View Full Version : 12 yr old daughter/dancer with serious S curve

04-28-2005, 04:02 PM
I found out today that my daughter has a 45 degree lumbar curve and a 36 degree compensating curve toward the middle of her back. I also found out today that in a physical that she had before the start of the school year the doctor noted that she had some curvature of the spine but nothing serious (his notes re-read to me today). She has grown three inches since that appointment last August (perhaps more if her spine was straight). The school sent her home with a note to have this checked out and we went back to the doctor for an X-ray and it was very apparent she has scoliosis. I am new to this and I have found this site very helpful but I have some questions.

1. The doctor we met with today was not the resident expert and he initially was going to fit my daughter with a brace and told her that more than likely it would not involve surgery. After consulting the resident expert he came back to the room and said that he was going to schedule an appointment for us with this expert and do nothing for two weeks when we can get in. This sounded to me like the diagnosis was bad enough that surgery may be the recommendation. Can someone with a similar diagnosis tell me about their treatment?
2. Do you think the family doctor should have set a follow-up after finding this curvature?
3. She is on a competition dance squad and won state last year. What am I looking at for her mobility with or without the surgery?
4. If surgery is required when would she be able to dance again?

I know I am a bit premature with these questions but I want to be more informed. I have a lot more reading to do and I see the books that are out there. Your feedback is most appreciated.

04-28-2005, 04:29 PM
Welcome to the board.

First, take a deep breath and take this all one step at a time. Scoliosis is rarely an emergency situation. Each patient is unique. You mentioned she has a lumbar curve, with an upper compensatory curve. This is similar to my daughter. She is turning 19 in a few days and has not had surgery. We chose to wait and see... For her, it was a good option, so far. The statistics are good - her risks of progressing as an adult are minimal. We can only hope she fits into the right stats.

IMHO, your daughter needs to see a pediatric ortho who specializes in adolescent scoliosis. Getting more than one opinion is a good idea. That way you may hear of different options she will have.

You mentioned she is a competitive dancer. This is great. The more physically fit she is, the better she'll be. Having fit abs and back muscles helps support the spine. Most people who are physically fit have less back pain because their soft tissues are not weakened as much. The scoliosis doesn't cause as much tension and stress on the muscle tissue. Surgery or not, she should be able to continue dancing. Maybe not right away, but I haven't heard of anyone who had to stop dancing forever.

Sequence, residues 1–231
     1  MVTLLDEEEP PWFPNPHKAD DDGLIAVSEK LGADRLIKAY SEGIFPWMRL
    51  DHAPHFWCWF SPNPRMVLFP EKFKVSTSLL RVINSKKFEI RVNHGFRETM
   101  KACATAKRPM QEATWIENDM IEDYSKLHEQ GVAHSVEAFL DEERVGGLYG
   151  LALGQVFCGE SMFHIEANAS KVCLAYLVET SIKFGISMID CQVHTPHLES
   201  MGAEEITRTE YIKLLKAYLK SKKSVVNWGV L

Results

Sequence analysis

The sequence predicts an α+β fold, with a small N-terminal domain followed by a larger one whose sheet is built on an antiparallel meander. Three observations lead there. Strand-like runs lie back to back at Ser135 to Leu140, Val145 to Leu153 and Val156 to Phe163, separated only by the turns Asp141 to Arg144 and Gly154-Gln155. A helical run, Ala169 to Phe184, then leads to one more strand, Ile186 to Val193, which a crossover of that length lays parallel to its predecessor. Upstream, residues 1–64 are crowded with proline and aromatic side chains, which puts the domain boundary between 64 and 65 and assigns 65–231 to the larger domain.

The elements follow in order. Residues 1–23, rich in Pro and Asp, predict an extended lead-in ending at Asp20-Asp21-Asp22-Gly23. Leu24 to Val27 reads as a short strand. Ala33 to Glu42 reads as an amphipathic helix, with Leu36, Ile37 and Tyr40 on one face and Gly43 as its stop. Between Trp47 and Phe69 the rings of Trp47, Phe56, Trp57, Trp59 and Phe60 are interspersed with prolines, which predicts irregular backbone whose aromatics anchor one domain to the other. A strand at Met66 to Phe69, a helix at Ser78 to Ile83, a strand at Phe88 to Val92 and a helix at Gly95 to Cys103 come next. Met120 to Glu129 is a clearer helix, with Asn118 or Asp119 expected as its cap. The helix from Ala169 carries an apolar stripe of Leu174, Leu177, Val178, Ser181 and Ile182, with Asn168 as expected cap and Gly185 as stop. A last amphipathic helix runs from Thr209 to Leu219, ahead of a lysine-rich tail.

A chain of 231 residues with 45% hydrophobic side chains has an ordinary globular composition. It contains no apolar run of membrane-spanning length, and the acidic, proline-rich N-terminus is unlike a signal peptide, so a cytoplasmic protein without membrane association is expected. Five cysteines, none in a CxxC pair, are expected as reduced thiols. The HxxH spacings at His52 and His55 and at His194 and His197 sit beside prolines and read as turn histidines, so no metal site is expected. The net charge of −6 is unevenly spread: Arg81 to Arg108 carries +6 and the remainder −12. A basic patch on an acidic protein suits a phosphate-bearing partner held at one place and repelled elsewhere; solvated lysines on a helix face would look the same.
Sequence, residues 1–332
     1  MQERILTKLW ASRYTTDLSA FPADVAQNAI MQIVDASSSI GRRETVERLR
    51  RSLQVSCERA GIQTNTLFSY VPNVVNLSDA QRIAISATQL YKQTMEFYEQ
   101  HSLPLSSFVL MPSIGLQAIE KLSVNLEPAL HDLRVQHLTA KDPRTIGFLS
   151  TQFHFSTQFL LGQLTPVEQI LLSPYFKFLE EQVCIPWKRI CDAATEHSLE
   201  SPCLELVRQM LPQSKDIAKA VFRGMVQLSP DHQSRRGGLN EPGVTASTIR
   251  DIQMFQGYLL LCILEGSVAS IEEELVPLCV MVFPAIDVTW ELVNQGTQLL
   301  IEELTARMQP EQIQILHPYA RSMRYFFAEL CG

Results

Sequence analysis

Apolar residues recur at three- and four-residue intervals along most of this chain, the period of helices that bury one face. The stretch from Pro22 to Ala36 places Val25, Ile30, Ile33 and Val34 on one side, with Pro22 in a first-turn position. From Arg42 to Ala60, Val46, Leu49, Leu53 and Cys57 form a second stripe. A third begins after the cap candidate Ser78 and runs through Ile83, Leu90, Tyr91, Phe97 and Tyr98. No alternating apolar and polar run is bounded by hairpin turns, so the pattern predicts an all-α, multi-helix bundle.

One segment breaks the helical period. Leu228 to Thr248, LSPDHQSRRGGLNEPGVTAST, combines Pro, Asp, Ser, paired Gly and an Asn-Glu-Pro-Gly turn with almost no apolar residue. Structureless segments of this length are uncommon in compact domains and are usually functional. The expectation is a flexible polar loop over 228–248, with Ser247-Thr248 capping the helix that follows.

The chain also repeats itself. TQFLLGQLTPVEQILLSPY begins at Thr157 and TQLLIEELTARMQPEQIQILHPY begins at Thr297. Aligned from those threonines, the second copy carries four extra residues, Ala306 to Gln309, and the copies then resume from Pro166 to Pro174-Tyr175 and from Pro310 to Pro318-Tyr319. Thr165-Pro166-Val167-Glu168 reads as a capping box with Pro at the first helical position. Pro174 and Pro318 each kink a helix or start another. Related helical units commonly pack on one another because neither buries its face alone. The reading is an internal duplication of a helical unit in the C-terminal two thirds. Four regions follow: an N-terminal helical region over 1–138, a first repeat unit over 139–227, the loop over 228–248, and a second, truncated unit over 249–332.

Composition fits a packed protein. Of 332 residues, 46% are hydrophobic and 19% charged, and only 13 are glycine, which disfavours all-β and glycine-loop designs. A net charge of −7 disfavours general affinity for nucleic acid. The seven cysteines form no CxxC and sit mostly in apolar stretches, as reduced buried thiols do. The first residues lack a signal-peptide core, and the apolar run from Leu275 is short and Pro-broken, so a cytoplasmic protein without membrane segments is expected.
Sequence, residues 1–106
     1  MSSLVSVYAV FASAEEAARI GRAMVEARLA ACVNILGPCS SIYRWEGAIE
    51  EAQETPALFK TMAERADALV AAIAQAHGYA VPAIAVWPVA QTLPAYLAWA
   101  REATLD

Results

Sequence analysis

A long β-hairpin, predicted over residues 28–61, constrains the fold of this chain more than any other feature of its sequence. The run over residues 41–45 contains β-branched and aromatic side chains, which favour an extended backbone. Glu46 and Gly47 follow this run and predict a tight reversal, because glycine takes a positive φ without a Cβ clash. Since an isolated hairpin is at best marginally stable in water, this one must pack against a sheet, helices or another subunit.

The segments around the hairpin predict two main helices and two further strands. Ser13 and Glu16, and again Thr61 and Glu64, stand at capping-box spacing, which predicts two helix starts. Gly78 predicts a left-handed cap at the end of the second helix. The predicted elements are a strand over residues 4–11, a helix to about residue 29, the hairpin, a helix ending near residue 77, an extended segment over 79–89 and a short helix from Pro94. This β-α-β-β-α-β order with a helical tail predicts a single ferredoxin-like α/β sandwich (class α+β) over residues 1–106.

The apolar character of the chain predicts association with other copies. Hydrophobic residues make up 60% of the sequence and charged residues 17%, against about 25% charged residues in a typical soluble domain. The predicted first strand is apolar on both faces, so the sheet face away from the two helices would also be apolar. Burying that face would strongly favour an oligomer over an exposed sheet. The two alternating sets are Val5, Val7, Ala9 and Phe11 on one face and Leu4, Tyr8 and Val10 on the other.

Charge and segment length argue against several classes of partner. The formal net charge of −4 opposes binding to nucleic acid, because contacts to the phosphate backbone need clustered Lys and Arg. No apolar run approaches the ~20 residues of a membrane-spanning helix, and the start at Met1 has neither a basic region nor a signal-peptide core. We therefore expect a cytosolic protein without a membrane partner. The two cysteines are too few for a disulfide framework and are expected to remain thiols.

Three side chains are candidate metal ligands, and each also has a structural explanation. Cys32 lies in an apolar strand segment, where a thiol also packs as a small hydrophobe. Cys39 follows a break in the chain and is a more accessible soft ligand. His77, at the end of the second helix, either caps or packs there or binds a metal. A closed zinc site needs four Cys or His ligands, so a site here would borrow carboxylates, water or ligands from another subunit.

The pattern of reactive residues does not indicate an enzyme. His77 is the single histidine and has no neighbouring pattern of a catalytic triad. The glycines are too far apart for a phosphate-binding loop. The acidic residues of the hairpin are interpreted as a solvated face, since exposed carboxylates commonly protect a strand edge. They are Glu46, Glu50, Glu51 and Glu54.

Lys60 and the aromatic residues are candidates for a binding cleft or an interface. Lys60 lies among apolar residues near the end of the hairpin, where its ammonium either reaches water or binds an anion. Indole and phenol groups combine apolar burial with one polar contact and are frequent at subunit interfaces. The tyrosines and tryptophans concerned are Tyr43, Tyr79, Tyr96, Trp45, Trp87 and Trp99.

Does she have back pain? That would be a factor in deciding surgery sooner than later. And, with having a lumbar curve, the ortho may feel like surgery is a better option. Based on my daughter's experience, her 40 degree lumbar curve improved to now 32 degrees. She did wear a TLSO brace for about 6 months, but personally, I don't think it made a difference. She only wore it at night. My daughter's biggest issue is back pain and the rotation of the spine. Her rotation makes her appear to have a physical problem - i.e. her hips are not aligned, her waist is assymmetric, etc. She is thin so you can see these issues more clearly. Surgery won't guarantee the pain will go away. With her curves actually improving, we put surgery on the backburner for a long time (I hope).

RE: the family doc following up... that's a non-issue now. You can't go back and fix that. Concentrate on what you can do now.

Good luck!

04-28-2005, 05:39 PM

I may be able to help. I was your daughters age when I had my surgery(that was 11 years ago). I saw approximately four doctor's before they found how bad my spine was. I would absolutely recommend taking her to a ortho surgeon, possibly a Children's Hospital. Also, I was a competitive gymnast at the time. After surgery I did go back but had difficulty in gymnastics but was able to continue on a competitive dance team(which I am still doing today for college). Some moves maybe difficult but she will adapt fine. I wouldn't jump to conclusions about surgery quite yet but if it is recommended she will be just fine. If you have any questions I would be happy to answer! Good Luck